29. October 2015Matter and Material Research Using Synchrotron Light Large Research Facilities
At first glance, the Swiss Light Source SLS stands out as a striking building. The inside reveals a setting of cutting-edge research. A journey through a world where electrons race a slalom course and X-rays help decode proteins.
21. September 2015Media Releases Materials Research Matter and Material Research Using Muons Micro- and Nanotechnology
Researchers at the Paul Scherrer Institute (PSI) created a synthetic material out of 1 billion tiny magnets. Astonishingly, it now appears that the magnetic properties of this so-called metamaterial change with the temperature, so that it can take on different states; just like water has a gaseous, liquid and a solid state.
8. September 2015Media Releases Energy and Environment Research Using Synchrotron Light
Lithium iron phosphate batteries are very durable and can be charged relatively quickly. Researchers from the Paul Scherrer Institute (PSI), ETH Zurich and Japanese car manufacturer Toyota reveal the reasons for these properties in a new study. The findings were made possible thanks to measurements using a new method at the Swiss Light Source (SLS) at PSI.
3. September 2015Matter and Material Research Using Synchrotron Light Materials Research
For increasingly compact storage media, magnetic areas – the memory bits – also need to become smaller and smaller. But just how small can a magnet be? Frithjof Nolting and his colleagues at the Paul Scherrer Institute investigate the surprising phenomena in the field of nanomagnetism.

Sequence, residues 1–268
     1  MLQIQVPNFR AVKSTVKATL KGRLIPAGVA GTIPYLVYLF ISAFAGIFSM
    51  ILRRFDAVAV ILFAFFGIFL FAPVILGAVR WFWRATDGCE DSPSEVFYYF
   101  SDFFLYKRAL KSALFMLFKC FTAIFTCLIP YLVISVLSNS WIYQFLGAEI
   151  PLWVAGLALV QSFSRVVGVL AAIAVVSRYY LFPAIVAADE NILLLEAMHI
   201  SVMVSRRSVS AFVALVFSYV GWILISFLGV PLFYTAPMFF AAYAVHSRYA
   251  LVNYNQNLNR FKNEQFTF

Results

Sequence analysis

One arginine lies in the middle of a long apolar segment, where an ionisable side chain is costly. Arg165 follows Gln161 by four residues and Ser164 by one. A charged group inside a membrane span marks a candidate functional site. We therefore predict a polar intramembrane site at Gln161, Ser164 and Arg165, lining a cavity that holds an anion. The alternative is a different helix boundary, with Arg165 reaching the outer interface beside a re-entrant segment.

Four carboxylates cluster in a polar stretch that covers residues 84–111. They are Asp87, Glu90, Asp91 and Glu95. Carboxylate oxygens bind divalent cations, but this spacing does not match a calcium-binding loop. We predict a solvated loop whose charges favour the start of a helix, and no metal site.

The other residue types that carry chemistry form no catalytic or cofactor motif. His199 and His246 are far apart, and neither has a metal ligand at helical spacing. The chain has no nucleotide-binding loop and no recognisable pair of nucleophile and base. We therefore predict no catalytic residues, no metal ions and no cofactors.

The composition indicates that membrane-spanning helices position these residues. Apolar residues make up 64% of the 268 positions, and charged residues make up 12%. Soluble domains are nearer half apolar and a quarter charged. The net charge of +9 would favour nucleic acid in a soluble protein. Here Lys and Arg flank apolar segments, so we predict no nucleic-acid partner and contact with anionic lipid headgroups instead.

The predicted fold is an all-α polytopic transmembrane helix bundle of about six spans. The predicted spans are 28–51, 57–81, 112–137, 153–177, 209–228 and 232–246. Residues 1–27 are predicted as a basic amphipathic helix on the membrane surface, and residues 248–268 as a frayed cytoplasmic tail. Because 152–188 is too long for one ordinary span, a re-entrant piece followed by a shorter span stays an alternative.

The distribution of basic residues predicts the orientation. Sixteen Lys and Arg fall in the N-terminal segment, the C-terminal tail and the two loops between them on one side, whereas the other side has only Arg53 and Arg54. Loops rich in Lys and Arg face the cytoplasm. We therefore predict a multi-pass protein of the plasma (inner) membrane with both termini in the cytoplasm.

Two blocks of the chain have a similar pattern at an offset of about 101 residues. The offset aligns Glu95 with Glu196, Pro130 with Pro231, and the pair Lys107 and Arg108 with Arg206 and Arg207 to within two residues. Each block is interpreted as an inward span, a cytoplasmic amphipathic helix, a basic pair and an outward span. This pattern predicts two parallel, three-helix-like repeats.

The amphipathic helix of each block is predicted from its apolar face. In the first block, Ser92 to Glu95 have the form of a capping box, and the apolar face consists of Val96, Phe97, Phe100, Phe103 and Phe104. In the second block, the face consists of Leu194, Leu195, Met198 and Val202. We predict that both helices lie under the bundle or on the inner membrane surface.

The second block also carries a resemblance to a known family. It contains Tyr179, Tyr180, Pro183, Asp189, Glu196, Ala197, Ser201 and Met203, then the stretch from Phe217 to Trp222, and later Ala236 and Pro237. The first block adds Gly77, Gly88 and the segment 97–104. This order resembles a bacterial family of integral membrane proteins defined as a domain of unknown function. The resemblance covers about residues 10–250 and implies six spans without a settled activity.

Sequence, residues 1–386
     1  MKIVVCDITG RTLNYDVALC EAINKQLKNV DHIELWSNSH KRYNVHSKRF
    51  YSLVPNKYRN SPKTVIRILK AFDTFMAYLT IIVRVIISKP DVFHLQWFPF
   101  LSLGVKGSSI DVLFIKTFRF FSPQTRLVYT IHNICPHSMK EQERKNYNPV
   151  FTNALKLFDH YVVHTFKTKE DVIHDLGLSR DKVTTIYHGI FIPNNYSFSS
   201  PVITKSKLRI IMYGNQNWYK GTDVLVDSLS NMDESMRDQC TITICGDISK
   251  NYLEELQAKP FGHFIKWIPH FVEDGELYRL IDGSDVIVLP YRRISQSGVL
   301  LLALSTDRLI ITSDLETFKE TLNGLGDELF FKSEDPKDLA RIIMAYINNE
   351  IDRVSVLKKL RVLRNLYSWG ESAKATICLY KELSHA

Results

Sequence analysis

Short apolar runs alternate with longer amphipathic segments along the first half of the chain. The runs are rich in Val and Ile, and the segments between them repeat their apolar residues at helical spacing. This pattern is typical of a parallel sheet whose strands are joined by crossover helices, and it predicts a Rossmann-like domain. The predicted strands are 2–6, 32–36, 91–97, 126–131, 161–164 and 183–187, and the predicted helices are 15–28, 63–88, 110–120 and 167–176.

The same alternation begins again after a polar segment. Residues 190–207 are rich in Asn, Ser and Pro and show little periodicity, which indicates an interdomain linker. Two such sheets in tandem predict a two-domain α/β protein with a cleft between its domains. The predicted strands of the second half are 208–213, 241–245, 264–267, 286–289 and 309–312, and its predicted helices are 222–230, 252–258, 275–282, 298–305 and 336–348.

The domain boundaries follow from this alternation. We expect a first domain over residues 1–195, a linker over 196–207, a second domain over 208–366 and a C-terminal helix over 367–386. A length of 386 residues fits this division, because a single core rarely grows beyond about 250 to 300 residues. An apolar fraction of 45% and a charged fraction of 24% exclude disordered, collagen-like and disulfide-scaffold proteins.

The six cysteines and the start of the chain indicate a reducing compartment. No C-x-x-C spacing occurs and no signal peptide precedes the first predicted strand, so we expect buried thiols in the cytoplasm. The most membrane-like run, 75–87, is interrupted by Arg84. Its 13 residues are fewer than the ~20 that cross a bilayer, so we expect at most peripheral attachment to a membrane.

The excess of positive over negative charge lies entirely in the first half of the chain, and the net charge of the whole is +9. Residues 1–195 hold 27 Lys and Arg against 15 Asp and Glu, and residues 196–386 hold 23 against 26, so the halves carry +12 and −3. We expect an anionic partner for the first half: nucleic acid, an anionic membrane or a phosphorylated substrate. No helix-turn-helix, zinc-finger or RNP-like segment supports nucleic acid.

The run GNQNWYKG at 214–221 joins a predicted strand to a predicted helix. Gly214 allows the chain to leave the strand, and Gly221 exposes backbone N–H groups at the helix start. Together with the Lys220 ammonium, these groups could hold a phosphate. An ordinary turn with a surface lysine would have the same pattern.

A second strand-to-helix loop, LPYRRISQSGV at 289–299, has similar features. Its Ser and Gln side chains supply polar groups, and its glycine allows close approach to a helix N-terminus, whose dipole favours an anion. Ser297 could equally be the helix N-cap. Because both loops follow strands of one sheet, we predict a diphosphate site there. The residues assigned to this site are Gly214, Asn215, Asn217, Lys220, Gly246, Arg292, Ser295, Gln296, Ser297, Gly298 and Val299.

2. July 2015Micro- and Nanotechnology Materials Research Matter and Material Research Using Synchrotron Light
Researchers from the Paul Scherrer Institute have succeeded in creating regular patterns in a semiconductor material that are sixteen times smaller than in today’s computer chips. As a result, they have taken an important step closer towards even smaller computer components. Industry envisages structures on this scale as the standard for the year 2028.
26. May 2015Research Using Synchrotron Light SwissFEL SwissFEL Experiments Human Health
Decoding biomolecules at SwissFEL and SLS
Proteins are a coveted but stubborn research object. A method developed for x-ray free-electron lasers and PSI’s future SwissFEL should now help researchers to make good headway in this field. It involves x-raying many small, identical protein samples consecutively at short intervals, thereby avoiding the main problem that protein research has faced thus far: producing samples in a sufficient size.
21. May 2015Research Using Synchrotron Light Large Research Facilities
Tiny cavities inside eggshells supply the materials that stimulate and control the shell’s growth. Using a novel imaging technique, researchers from the Paul Scherrer Institute (PSI), ETH Zurich and the Dutch FOM Institute AMOLF have succeeded in depicting these voids in 3D for the first time. In doing so, they lift an old limitation of tomographic images and hope that one day medicine will also benefit from their method.